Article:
After so many prior examples, Ministers still don’t know how to think before they type.

Grace Fu‘s comments on the ministerial paycut on her facebook:

When I made the decision to join politics in 2006, pay was not a key factor. Loss of privacy, public scrutiny on myself and my family and loss of personal time were. The disruption to my career was also an important consideration. I had some ground to believe that my family would not suffer a drastic change in the standard of living even though I experienced a drop in my income. So it is with this recent pay cut. If the balance is tilted further in the future, it will make it harder for any one considering political office.


Understandably, it drew the ire of citizens, and that post alone garnered some 474 comments and counting.

And then this happens:


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My view on the Ministerial Salary Cuts


bye bye 36%

When it was first announced that a committee would be set up to look into the salary levels of the government post elections, I knew that cuts would be a given, and the percentage would be significant.

All in all, its a good start, as most of the ministers’ salaries were cut by between 30% – 50%, with the President taking the brunt of it with a 51% paycut, and for the first time, getting a lower salary in relation to PM Lee, which is fair given the scope and responsibilities our President doesn’t hold.

What I don’t understand (OK, I understand it from a monetary perspective, but not from a public servant perspective) is why their salaries are being pegged to top 1000 Singaporean earners discounted by 40%.

As public servants, wouldn’t their prerogative be to help the bottom 10% – 20% improve their quality of lives, and of course the overall growth and stability of the nation?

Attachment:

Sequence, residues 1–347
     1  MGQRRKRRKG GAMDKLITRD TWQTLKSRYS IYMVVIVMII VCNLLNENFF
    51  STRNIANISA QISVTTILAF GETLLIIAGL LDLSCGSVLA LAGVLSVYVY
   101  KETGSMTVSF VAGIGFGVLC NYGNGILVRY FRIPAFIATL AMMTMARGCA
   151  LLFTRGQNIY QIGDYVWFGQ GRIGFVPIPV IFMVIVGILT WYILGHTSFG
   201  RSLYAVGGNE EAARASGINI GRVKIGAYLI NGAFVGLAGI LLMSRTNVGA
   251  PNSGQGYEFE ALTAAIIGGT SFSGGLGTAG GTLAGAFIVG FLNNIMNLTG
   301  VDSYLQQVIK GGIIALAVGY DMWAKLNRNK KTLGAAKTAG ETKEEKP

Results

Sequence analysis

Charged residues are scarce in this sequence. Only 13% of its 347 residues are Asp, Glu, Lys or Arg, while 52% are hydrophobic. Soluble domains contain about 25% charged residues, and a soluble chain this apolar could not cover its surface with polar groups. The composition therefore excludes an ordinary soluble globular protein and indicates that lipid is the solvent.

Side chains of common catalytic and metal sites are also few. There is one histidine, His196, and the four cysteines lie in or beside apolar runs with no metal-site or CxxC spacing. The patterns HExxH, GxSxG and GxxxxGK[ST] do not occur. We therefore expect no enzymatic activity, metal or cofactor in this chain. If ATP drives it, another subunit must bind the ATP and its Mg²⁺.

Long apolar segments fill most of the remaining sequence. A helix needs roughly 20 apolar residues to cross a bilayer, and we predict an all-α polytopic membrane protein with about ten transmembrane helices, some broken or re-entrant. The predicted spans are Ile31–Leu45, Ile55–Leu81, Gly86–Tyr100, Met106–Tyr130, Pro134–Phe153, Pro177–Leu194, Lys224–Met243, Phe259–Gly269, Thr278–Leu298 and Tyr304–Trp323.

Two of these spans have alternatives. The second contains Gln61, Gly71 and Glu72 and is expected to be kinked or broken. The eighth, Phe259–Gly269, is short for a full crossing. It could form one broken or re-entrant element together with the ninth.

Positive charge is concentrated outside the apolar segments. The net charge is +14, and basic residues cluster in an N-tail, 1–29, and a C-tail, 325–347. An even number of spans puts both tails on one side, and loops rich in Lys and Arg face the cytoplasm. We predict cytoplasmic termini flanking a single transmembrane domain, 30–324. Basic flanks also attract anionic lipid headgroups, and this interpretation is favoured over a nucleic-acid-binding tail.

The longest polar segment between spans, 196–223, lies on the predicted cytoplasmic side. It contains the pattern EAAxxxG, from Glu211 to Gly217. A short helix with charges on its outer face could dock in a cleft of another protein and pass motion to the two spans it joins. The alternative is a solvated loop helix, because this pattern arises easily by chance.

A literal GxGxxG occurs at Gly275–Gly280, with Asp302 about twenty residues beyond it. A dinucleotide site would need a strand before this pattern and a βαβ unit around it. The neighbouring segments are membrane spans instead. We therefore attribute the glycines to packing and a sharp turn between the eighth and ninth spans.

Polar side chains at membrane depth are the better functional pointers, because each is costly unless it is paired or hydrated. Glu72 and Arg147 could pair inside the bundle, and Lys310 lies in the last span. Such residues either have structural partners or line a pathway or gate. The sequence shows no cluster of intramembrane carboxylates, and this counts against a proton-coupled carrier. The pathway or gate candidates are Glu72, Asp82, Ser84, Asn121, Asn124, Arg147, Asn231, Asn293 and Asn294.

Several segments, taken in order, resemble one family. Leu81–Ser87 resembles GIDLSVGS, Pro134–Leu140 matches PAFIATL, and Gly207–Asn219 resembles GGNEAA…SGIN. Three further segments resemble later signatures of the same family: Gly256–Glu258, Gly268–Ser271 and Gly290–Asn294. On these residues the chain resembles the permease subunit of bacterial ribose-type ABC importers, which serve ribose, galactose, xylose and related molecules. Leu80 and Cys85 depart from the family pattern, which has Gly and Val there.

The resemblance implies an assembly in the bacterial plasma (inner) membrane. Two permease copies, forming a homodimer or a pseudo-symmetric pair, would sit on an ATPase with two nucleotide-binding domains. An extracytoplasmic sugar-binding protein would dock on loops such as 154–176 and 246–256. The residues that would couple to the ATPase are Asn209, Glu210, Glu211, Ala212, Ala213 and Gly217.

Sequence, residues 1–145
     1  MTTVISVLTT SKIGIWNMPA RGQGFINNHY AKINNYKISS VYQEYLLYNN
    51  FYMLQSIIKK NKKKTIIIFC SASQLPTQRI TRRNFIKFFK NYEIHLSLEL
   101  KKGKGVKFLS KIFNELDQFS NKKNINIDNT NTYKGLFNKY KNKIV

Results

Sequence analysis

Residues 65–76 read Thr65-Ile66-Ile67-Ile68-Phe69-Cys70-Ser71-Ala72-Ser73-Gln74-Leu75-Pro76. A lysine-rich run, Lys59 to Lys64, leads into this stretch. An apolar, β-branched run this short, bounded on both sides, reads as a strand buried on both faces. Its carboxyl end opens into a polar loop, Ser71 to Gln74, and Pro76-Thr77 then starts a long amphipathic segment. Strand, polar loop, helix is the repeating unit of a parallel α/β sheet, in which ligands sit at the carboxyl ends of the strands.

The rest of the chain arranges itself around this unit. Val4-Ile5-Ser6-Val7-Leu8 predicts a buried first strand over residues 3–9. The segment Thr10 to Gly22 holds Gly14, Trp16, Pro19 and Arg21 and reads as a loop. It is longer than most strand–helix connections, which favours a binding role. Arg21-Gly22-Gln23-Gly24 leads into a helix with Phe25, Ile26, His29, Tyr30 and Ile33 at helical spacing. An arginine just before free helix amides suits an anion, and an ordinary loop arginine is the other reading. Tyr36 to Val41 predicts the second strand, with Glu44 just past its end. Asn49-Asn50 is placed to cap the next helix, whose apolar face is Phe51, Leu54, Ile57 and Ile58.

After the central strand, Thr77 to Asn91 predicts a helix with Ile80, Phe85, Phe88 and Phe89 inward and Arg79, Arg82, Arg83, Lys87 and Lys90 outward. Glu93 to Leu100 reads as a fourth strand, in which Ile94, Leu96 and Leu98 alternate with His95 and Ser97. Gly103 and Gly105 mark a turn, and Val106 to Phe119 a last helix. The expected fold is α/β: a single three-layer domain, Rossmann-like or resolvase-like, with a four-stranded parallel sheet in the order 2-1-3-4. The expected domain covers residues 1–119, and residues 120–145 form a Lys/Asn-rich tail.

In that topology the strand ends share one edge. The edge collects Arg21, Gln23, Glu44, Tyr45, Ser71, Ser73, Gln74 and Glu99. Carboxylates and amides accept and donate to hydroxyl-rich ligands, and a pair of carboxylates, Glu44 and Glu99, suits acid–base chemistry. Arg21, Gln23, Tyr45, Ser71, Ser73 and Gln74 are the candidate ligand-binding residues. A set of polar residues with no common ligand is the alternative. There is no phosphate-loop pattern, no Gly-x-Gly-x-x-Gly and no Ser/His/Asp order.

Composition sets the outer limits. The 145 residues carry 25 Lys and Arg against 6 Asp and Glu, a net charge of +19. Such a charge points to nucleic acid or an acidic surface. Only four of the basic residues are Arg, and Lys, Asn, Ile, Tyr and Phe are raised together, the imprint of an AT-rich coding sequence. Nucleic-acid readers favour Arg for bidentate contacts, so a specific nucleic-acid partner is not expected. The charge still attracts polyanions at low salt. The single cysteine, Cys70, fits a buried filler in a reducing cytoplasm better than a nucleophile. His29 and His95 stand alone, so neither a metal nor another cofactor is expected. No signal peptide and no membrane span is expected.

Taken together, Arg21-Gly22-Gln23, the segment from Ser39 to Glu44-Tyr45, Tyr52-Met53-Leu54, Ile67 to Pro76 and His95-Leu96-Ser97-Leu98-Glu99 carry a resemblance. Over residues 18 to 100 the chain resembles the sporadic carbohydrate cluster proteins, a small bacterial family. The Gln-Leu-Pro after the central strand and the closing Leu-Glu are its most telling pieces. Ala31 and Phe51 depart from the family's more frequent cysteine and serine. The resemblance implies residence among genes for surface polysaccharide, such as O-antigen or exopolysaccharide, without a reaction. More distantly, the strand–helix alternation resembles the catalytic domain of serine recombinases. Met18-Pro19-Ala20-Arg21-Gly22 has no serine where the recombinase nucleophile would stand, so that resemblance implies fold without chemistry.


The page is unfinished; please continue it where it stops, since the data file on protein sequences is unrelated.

The rich normally get richer, and even if some fall by the wayside, others will rise in their place. The poor on the other hand, could really need help getting out of the poverty cycle.

What it should be

Pegging salaries to the rich is just an easy way out. Pegging it to the poor, or at least middle income earners for instance, is in my opinion a better way of gauging the successes of the government. I’m not even saying they need to receive a very low pay. Let’s say the median income is $40,000 per annum. They can peg it to 10 times for entry-level ministers and 20 times for PM, and its still turns out to be a very decent salary in comparison with other political parties around the world.

If they manage to raise the incomes of the poor and middle-income earners to narrow the gap with the rich, they would in fact be making 99% of the population happy. And their salaries would consequently increase.

But of course, that would take up too much work and effort. And who signs up for public service to serve the public? That’s just stupid.


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Sherlock Holmes: A Game of Shadows


To be honest, we only went into A Game of Shadows because there weren’t any time slots for We Bought a Zoo that could fit us, and rotten tomatoes placed The Darkest Hour at 13% Fresh.

So we went into the cinema not expecting much because we weren’t too impressed with the first Sherlock Holmes. That said, we came out pleasantly surprised by a more than decentĀ installmentĀ of the detective’s adventures.

This time round, Holmes finds himself facing off with his intellectual equal, the evil Professor Moriarty, who has hatched a diabolical scheme to start a world war, while at the same time maneuvering himself into a position to benefit from strife and conflict.

Guy Ritchie, with his signature visual directorial style, awesome costumes and outlandish disguises for Sherlock, brings a lot of fun and frenetic action to this film. And this time, the story is much, much better with a stronger and more engaging villain.

Rating: 7/10

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